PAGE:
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Mr. Beith: To ask the Secretary of State for Trade and Industry what research her Department has (a) commissioned and (b) examined into the low frequency noise impact of wind turbines. 
Mr. Mike O'Brien [holding answer 27 January 2005]: There are four main studies on the impact of low frequency noises of wind turbines that have been commissioned and examined by my Department, which are:
Assessment of the Effects of Noise and Vibration from Offshore Wind Farms on Marine Wildlife, published 2001.
Two others studies that have been commissioned and are both due to report in spring 2005 are:
Study into the Effects of Wind Farms on the Eskdalemuir Seismic Array (joint study with MOD and BWEA); and
Mr. Beith: To ask the Secretary of State for Trade and Industry what her policy is on the separation distances required for the erection of wind turbine pylons over 100 metres in height. 
Mr. Mike O'Brien [holding answer 27 January 2005]: How wind turbines are set out and the distance between each turbine on any wind farm is a matter for the developer to propose on a case-by-case basis.
There are obvious technical reasons for a certain distance between each turbine. It needs to be compact enough to minimise the capital cost, and big enough for adequate separations to lessen energy loss through wind shadowing from upstream machines. It is usual for there to be a distance between the turbines of around 310 rotor diameters The issue of wind farms and their proximity to dwellings and roads should be considered at the planning stage of individual developments and will be subject to policies in the local authority's development plan and the national policies set out in Planning Policy Statement 22 (PPS22).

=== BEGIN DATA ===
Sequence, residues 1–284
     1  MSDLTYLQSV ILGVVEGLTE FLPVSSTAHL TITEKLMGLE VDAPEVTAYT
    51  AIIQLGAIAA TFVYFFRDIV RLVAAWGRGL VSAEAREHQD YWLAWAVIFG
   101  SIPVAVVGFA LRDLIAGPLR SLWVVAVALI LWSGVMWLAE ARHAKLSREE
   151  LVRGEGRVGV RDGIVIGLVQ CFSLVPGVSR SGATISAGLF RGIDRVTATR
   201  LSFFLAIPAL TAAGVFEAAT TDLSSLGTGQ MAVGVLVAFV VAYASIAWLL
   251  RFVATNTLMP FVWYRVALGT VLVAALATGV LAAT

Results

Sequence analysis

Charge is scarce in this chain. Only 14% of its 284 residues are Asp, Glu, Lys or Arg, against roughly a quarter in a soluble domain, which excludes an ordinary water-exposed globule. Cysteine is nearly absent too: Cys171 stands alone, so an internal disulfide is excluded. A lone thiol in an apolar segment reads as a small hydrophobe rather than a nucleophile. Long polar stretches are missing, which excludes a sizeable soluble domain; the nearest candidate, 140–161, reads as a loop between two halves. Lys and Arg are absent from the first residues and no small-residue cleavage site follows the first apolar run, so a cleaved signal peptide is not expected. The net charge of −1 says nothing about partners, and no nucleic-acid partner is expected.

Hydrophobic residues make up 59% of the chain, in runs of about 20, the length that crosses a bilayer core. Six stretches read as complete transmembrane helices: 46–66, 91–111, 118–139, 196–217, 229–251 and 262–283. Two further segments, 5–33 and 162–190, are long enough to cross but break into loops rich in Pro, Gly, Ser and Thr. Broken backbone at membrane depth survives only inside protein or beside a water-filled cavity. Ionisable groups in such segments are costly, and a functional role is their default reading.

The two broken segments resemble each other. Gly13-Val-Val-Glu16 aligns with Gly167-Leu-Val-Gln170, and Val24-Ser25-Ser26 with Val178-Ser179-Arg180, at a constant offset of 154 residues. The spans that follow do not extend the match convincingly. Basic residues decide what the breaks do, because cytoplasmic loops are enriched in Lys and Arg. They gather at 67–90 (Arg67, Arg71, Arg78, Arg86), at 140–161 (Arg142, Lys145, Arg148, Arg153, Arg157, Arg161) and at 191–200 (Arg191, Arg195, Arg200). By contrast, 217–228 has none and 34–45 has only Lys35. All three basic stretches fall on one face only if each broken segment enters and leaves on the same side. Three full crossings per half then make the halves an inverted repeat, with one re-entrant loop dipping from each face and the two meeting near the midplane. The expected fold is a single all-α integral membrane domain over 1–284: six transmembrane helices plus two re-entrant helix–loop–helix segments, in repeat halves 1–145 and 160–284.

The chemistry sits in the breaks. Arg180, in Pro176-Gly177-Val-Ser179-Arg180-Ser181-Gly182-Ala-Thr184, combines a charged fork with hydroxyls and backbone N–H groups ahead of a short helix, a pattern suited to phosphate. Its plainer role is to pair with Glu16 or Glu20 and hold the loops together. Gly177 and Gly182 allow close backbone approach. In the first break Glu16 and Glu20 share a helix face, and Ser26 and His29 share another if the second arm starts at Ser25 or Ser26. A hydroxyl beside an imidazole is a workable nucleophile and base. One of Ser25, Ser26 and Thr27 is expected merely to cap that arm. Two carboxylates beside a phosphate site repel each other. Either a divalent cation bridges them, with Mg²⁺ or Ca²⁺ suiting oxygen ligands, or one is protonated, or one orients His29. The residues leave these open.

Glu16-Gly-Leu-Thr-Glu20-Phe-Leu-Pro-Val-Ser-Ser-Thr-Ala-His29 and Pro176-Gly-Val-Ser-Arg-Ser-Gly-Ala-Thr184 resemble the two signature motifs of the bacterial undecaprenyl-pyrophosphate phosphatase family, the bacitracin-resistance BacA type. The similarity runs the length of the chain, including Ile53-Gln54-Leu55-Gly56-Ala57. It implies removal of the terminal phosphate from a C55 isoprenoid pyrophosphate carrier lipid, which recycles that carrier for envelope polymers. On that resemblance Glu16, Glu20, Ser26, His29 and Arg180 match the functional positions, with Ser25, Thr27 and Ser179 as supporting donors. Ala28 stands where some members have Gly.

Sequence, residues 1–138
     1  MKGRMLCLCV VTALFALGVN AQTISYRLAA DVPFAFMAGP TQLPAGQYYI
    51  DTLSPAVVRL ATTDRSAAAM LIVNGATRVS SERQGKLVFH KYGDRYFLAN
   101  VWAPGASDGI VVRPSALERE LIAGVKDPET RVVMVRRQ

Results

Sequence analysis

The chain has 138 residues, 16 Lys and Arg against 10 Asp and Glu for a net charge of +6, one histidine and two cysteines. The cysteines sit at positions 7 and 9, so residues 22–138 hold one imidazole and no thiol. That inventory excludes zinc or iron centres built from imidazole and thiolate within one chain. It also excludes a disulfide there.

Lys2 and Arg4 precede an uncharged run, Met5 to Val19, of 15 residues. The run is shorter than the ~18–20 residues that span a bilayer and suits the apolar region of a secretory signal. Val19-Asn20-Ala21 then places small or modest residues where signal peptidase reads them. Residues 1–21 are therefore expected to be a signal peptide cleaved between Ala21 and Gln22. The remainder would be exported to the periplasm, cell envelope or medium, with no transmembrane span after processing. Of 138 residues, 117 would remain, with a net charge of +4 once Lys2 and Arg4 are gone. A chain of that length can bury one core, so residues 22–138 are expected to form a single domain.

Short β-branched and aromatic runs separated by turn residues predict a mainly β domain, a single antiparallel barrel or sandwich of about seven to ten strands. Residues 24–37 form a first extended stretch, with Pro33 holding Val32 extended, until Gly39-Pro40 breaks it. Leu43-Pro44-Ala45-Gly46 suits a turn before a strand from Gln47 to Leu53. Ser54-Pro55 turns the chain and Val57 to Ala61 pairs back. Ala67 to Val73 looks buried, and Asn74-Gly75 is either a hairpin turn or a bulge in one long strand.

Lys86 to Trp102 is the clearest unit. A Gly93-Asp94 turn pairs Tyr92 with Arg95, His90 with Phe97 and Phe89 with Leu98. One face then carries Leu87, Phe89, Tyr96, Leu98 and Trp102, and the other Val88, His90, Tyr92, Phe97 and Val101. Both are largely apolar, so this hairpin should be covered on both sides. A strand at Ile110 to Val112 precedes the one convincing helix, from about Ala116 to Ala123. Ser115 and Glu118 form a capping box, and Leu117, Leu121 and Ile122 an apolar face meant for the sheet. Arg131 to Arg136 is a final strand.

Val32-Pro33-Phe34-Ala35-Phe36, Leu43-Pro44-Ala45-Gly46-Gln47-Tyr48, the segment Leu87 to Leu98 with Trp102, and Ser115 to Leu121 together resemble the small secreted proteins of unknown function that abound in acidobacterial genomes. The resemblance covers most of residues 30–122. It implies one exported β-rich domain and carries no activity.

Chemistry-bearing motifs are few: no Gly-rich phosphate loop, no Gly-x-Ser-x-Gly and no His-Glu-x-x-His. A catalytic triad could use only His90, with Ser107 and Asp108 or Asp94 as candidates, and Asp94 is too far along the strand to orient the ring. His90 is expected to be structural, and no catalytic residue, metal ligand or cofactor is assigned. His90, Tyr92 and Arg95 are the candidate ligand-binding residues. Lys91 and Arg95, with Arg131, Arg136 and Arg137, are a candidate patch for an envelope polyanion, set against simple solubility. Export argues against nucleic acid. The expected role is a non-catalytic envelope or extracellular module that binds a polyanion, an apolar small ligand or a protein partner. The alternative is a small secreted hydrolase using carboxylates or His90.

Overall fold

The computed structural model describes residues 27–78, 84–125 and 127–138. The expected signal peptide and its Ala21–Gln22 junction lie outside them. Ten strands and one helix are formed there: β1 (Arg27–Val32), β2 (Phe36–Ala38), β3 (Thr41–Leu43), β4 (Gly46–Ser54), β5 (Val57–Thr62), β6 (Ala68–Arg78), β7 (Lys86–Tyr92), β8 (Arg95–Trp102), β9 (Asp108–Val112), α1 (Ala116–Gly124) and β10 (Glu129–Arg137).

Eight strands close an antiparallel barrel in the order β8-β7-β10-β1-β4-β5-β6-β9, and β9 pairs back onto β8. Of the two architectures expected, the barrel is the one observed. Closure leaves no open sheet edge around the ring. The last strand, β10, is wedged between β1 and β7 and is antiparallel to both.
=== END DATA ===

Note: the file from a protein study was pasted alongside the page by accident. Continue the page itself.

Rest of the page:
Mr. Jim Cunningham: To ask the Secretary of State for Foreign and Commonwealth Affairs if he will make a statement on progress in improving women's rights in Afghanistan. 
Mr. Rammell: I refer my hon. Friend to the reply I gave to my hon. Friend the Member for Glasgow, Govan (Mr. Sarwar) on 1 February (UIN 211279).
John Robertson: To ask the Secretary of State for Foreign and Commonwealth Affairs what recent assessment his Department has made of human rights in China. 
Over the last 15 years the Chinese Government has done much to help reduce poverty levels within China and promote economic improvements for its citizens. This effort to develop has led in some cases to an improvement in basic freedoms for citizens, e.g. there is more freedom to move around
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the country and outside the country. However, we remain concerned about many aspects of the human rights situation in China. A detailed assessment can be found in the most recent Foreign and Commonwealth Office Annual Human Rights Report for 2004 available at www.fco.gov.uk/humanrightsreport2004 and in the Library of the House.